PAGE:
“Prince liked the band. He would come see us. He would mysteriously appear and disappear, which always made me mad – ‘Damn it!’” How Vernon Reid’s expressionist shredding juiced Living Colour and won fans in Prince and the Rolling Stones

Vernon Reid of Living Colour in a photo studio in Chicago, Illinois December 21,1989.
(Image credit: Paul Natkin/Getty Images)

Unlike many bands that got big in the late ’80s, Living Colour’s sound didn’t require an overhaul to avoid obsolescence once the new decade hit. The prismatic metallics and social consciousness on the New York band’s 1988 debut album Vivid scanned alternative immediately.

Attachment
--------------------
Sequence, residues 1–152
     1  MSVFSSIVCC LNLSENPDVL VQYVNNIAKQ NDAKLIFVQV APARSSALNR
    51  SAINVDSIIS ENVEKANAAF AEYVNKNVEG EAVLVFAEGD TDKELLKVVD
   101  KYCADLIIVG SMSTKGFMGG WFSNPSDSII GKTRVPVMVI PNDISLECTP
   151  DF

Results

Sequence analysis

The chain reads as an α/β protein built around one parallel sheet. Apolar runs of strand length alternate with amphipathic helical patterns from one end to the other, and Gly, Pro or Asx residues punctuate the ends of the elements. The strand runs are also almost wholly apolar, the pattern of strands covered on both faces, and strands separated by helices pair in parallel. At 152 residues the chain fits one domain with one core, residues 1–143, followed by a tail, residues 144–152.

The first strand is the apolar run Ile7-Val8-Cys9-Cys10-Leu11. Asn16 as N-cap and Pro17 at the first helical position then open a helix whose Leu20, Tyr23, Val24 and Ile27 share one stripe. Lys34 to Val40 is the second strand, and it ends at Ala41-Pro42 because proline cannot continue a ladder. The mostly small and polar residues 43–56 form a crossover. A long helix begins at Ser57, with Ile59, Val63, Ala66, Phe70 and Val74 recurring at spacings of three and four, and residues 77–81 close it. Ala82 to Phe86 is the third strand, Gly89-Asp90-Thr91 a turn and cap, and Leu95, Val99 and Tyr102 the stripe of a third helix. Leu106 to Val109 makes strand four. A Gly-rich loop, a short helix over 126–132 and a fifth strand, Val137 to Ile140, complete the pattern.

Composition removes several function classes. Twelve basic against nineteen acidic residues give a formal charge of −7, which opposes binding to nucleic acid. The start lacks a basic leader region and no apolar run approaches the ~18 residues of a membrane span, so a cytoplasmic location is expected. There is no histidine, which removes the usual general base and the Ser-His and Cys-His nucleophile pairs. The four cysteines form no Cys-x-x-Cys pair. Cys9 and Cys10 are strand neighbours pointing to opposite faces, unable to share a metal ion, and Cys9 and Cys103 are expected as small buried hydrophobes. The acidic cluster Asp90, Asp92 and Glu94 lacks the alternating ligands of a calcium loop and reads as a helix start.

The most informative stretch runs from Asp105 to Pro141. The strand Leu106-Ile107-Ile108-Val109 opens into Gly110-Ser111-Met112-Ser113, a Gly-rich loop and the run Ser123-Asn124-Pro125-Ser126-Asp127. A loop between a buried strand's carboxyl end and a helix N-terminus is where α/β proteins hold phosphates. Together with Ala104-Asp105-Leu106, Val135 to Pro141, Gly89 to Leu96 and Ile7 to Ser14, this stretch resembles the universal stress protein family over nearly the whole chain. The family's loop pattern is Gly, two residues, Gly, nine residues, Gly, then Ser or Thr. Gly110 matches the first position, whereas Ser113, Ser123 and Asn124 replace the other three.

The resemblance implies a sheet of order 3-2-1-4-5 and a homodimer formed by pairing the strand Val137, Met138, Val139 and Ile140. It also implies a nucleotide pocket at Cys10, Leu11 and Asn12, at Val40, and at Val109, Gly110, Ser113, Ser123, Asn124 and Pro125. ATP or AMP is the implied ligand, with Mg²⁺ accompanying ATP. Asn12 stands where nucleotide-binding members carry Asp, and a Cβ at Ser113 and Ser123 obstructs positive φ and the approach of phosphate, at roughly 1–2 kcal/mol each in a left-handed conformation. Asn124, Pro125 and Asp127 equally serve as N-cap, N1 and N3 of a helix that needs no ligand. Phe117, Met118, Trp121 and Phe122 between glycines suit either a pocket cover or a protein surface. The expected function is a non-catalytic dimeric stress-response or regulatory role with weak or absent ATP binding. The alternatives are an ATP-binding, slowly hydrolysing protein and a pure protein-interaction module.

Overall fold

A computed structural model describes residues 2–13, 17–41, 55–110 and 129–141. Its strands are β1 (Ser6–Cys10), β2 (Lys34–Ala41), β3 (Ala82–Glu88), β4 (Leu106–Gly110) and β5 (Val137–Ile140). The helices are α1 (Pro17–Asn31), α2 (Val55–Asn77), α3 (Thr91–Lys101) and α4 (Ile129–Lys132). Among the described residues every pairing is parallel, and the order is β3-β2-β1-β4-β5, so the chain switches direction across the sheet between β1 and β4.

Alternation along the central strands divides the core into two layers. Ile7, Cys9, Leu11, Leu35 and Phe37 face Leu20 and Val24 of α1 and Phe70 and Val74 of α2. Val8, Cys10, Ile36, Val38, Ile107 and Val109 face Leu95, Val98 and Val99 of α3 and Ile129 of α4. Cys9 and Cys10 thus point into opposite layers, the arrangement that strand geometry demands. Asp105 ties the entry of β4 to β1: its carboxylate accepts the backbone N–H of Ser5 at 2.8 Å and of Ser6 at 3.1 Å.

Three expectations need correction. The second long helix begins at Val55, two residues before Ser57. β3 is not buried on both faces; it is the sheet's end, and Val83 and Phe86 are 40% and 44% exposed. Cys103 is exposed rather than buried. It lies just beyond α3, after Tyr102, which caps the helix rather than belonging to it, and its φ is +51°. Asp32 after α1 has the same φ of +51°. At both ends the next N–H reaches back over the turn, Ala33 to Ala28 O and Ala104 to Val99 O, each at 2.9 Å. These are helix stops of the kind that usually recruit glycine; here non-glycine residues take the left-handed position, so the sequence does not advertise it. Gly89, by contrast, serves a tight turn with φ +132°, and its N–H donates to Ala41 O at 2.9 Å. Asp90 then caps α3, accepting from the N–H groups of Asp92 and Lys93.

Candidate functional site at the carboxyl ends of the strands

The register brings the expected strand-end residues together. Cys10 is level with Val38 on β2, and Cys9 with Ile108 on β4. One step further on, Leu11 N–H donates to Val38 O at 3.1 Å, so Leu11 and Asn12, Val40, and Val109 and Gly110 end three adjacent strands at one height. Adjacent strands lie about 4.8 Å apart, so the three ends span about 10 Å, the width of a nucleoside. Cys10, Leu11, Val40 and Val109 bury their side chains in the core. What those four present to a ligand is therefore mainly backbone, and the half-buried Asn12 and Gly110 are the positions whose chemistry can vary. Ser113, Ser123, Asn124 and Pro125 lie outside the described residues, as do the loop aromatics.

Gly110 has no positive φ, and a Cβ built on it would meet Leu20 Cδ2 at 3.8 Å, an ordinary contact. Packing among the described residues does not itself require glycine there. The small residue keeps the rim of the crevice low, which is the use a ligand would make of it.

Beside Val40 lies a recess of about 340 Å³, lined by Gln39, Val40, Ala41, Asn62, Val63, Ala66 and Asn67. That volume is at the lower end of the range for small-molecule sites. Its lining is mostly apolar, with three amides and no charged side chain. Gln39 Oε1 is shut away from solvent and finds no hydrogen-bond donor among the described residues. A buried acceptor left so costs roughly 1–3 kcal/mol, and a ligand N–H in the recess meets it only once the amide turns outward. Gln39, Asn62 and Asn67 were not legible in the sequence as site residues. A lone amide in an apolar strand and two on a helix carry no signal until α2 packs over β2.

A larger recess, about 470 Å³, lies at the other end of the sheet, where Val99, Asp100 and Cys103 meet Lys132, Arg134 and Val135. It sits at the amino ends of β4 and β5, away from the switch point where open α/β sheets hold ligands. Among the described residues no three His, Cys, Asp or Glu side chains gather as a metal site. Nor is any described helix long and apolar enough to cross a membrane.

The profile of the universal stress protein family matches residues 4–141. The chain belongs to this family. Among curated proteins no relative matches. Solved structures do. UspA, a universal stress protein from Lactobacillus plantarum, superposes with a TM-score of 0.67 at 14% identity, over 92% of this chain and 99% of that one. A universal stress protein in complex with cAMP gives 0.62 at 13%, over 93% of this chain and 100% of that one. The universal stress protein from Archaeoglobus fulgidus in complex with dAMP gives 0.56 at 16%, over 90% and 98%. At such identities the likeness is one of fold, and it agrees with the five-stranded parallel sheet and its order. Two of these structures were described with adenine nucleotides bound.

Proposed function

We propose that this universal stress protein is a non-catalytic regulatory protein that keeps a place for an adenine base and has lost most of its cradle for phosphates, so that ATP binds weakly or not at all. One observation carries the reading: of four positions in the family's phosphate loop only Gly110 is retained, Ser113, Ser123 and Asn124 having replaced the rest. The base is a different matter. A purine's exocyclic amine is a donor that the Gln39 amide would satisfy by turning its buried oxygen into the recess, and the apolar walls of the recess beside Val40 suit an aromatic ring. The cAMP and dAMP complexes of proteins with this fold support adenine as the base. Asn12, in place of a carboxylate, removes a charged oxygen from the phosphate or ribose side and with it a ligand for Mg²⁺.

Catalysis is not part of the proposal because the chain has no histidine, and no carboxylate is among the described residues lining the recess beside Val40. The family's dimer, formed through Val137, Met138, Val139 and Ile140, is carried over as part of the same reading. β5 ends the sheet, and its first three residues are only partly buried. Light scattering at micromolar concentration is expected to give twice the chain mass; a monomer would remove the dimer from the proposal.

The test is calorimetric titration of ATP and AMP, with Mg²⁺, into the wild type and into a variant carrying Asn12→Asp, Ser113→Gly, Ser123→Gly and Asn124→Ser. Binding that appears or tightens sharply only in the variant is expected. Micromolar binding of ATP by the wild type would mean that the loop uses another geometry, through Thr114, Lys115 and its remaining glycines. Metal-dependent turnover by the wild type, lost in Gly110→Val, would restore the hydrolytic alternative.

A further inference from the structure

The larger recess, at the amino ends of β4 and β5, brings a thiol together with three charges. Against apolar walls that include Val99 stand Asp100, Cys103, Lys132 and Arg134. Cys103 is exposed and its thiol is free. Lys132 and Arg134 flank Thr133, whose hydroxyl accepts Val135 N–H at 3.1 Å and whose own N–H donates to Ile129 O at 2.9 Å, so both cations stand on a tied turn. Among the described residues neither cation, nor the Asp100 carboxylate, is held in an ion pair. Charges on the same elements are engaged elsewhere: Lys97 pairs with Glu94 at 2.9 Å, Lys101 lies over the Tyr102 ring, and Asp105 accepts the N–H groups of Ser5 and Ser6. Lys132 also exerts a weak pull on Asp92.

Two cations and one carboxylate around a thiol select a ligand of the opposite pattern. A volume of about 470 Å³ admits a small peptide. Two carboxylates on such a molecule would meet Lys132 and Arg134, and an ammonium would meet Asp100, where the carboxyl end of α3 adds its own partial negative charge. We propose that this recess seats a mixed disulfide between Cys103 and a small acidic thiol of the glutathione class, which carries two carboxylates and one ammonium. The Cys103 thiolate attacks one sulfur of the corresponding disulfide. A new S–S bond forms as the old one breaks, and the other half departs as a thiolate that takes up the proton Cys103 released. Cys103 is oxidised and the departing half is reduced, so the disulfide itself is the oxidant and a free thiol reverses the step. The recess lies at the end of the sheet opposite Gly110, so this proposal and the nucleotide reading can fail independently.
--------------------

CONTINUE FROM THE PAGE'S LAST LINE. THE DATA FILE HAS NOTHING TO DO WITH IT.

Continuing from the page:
Their dino-riff breakthrough hit, Cult of Personality, in addition to being one of rock’s best-ever singles, was an off-ramp from ’80s hedonism to the next decade’s underground-music uprising. 

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